Egypt Credit Rating Cut to BB- by S&P on Deficit, Risks
Egypt’s rating was cut one level by Standard & Poor’s on concern that a new government may fail to contain growing budget deficits and stem declines in international reserves.
The most-populous Arab nation’s long-term foreign-currency sovereign credit rating was cut to BB- from BB and its long-term local-currency rating was cut to BB- from BB+, New York-based S&P said in a statement today. Short-term ratings of B for both foreign- and local-currency debt were affirmed. S&P is maintaining a negative outlook on the rating.
Violence has flared several times since military rulers took over power from former President Hosni Mubarak in February. The unrest of the past eight months has hurt the economy, with gross domestic product growing 0.4 percent in the quarter through June after contracting 4.2 percent in the first three months of the year.
“The political instability that arose from the uprising started to manifest itself,” Michael Roche, an emerging-market strategist at MF Global, said in a telephone interview from New York. “The credit metrics of the sovereign have deteriorated when compared with the levels during the Mubarak regime.”
A further cut in the below-investment grade rating is possible if the political transition toward a more pluralistic society doesn’t proceed as smoothly as expected, making it more difficult to finance the government’s borrowing requirements or the country’s external needs, S&P said.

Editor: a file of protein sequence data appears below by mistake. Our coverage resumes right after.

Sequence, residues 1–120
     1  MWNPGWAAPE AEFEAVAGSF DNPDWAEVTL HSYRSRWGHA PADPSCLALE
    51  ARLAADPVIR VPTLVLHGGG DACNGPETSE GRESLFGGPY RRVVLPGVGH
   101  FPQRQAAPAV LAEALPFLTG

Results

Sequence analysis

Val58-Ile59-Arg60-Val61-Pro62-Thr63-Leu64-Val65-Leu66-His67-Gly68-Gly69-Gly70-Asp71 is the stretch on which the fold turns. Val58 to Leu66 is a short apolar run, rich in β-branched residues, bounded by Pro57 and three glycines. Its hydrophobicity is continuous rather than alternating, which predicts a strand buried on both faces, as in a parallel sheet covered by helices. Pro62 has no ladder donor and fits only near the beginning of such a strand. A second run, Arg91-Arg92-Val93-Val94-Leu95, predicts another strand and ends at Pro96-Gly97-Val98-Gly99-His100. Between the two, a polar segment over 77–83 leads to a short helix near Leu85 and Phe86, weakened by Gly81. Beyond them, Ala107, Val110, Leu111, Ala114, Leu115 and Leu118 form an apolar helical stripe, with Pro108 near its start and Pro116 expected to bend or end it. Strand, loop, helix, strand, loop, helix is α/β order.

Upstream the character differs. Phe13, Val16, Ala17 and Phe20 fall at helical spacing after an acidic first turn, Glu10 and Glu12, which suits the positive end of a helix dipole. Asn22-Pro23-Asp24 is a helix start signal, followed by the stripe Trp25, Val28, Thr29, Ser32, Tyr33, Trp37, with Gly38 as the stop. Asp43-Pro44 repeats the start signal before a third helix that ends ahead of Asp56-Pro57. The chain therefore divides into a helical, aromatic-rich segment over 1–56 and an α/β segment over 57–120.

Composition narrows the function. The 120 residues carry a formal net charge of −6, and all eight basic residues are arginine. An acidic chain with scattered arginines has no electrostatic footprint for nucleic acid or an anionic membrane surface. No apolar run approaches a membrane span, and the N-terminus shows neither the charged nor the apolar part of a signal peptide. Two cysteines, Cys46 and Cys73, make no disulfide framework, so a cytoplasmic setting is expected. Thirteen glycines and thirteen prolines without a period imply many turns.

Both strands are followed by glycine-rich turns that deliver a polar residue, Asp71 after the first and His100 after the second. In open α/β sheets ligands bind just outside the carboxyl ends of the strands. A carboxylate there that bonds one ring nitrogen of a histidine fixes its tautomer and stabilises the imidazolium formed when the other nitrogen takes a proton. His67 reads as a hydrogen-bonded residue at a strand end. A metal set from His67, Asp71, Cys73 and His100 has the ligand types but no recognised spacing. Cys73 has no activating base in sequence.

The cost of protecting Egyptian government debt against default for five years rose 8 basis points to 448, according to data provider CMA, which is owned by CME Group Inc. and compiles prices quoted by dealers in the privately negotiated market. Swaps reached a two-year high on Sept. 26 of 506.
The nation’s government borrowing costs have risen to the highest level in almost three years, with the yield on one-year treasury bills soaring 344 basis points since the start of the revolution to 13.88 percent last month. The rate was at 13.72 percent at an auction Oct. 13.
The yield on Egypt’s 5.75 percent 10-year dollar bond due 2020 has climbed 48 basis points to 5.84 percent from its post- revolution low on Sept. 21.
The Egyptian pound has lost 2.8 percent against the dollar this year to 5.9735 today.
The central bank’s foreign currency reserves have shrunk by a third in 2011 to $24 billion. Twelve-month non-deliverable forwards for the pound are at 6.68 per dollar, reflecting an expectation for the currency to weaken about 11 percent over the life of the contracts.
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